Village College offered the boxes to young carers, as “they have a lot of stress at home. We thought these

would help.” Ely Village College gave their boxes to year 11 leavers who they described as having "quite a lot of

mental health issues."

A summary of Piece of Mind, available to download from

Fullscope, Cambs Youth Panel and CCI website

What did Cambs Youth Panel think?

The students who co-created the boxes reflected that they felt supported by their artist mentors and that

being involved had benefitted them positively.

"I found having something to concentrate on other than just online school really boosted my mental health,” H,

aged 17, co-creator of 'A piece of Mind'.

"Creating opportunities for young people to help young people is in itself a therapeutic exercise which cannot

be understated. It helps to defeat a sense of powerlessness, it has helped to counteract the sensation of being

disconnected and alienated," Phil Priestley, Cambs Youth Panel founder.

What did participat ing students think?

Survey results showed that 86% of participants felt better about

themselves having created with the box and noted that the sound

reducing headphones helped create a calmer environment. 71% of

students also said they planned to do more creative practice.

“I was pleased that I took time and was thoughtful over some of the

paintings and felt more relaxed whilst doing it," participating student.

What did participat ing schools think?

The boxes supported schools in recognising how they could complement and extend their current practices

and care for students in new ways. They commented on having something so positive and generous to offer

their students at this time – “I noticed even how the students were proud of their boxes as they walked away

after we had handed them out.”

To find out more, email Fullscope: info@fullscopecollaborat ion.org.uk

Cambridge Curiosity and Imagination Review of Year 2020-21

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New display boards created for Howard Community Academy, sharing work

from a project with early years children, November 2020

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Report from the Chair

As the world struggles with a climate emergency, a Covid crisis, and a racial injustice crisis,

there can be no better time to imagine how things could be different. Cambridge Curiosity and

Imagination is an inspiring example, showing that learning and teaching can be re-imagined and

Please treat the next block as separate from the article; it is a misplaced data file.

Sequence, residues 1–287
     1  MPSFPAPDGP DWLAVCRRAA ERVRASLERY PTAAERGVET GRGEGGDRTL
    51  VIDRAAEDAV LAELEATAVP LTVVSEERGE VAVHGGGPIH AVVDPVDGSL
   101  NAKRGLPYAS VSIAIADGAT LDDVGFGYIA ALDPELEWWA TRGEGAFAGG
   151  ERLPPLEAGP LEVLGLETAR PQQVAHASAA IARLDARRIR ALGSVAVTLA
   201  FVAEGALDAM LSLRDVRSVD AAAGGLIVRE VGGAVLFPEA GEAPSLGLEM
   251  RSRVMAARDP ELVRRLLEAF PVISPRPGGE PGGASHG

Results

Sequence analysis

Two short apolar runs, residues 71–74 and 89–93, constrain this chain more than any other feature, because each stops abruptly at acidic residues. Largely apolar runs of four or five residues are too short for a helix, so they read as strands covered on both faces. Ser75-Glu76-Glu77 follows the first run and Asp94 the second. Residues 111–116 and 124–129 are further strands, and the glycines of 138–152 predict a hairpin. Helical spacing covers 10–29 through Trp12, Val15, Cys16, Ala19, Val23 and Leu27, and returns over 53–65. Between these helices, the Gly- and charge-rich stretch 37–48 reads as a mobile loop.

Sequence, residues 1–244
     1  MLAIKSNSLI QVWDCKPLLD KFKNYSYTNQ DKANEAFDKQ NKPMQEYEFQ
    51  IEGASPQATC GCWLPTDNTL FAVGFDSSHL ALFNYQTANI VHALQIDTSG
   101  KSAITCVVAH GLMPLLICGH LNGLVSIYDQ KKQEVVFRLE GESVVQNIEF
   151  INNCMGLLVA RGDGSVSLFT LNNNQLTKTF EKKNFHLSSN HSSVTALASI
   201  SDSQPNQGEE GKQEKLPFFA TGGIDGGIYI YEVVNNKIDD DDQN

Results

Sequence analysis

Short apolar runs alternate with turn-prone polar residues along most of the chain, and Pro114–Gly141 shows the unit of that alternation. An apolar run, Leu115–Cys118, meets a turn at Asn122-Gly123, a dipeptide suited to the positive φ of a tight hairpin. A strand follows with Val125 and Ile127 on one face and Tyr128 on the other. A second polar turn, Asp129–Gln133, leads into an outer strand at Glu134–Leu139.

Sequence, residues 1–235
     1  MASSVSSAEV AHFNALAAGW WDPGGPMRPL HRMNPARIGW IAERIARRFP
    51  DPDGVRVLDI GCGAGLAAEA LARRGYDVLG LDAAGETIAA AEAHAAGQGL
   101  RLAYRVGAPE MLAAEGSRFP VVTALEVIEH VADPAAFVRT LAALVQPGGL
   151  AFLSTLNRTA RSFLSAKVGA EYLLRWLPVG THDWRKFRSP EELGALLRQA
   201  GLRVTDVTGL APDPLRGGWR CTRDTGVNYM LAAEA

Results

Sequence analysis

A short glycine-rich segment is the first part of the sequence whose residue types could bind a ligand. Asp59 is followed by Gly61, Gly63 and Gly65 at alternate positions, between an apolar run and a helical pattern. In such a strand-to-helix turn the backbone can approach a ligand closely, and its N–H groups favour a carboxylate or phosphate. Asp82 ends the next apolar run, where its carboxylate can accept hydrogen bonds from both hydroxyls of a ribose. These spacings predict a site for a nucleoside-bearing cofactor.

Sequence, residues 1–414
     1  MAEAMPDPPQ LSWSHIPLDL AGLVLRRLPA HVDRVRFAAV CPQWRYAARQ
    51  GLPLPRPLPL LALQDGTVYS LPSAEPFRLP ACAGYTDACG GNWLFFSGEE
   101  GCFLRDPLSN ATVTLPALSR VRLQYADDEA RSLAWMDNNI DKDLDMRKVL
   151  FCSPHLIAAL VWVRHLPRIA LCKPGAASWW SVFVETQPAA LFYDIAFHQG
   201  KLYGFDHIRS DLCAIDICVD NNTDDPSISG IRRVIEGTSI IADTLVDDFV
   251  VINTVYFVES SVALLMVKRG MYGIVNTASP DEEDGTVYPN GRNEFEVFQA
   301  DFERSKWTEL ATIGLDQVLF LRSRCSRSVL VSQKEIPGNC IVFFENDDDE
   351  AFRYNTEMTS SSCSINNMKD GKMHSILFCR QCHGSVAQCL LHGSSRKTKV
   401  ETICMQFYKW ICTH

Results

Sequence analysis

that the next generation is not bound to repeat the mistakes of the past.

Daniel Zeichner MP

As with our previous reporting year, the past year (from August 2020 to July 2021) has been

overshadowed by the pandemic, which severely restricted how CCI could operate. Nonetheless, it

has also been a year of opportunities and connections, throughout which CCI has managed to

follow its values and help many people to develop their creativity and imagination, including

supporting families and vulnerable young people during lockdowns.

In a year when people needed creativity and imagination even more than ever, the team have

seized opportunities for CCI to help others. As with last year, our income was again over £100k –

the third highest annual income the charity has achieved in the past decade, and the first time

that we have sustained that level over successive years. And, as an arts organisation that works

closely with artists, it was pleasing that we were able to more than double the work we

commissioned with artists, taking that amount to its highest level in over a decade, with the result

that the charity engaged creatively with nearly 1000 people.

With CCI it’s never just about the numbers or the scale/breadth of our work, the quality of our

interactions with people is also paramount. And so it was rewarding to see the charity’s work

recognized by others: we won the Social Enterprise of the Year Award at the Cambridgeshire Live

Business Awards 2020.

Several times through the year I’ve been in awe of what CCI does and how it does it. These are a

few of the moments that have particularly stood out for me personally and that I recall in

admiration:

• I didn’t know if it would be possible, but, against the odds, CCI completed the schoolbased

projects in the ‘Eco-Capabilities’ programme with Anglia Ruskin University, funded

by the Arts and Humanities Research Council (AHRC), enabling children aged 7 to 9 to

(re)connect with each other and with nature and exploring how creativity and the

outdoors impacts on children’s well-being.

• Walking through the Forest of Imagination in Wandlebury country park was a magical

experience that I and 100s of other people shared. It was a huge collective artwork that

prompted the imagination and fostered the connectedness with nature that is so

important for our wellbeing.

• Reading the inspiring ‘Call for Spaces of Liberated Learning’, which invites us to consider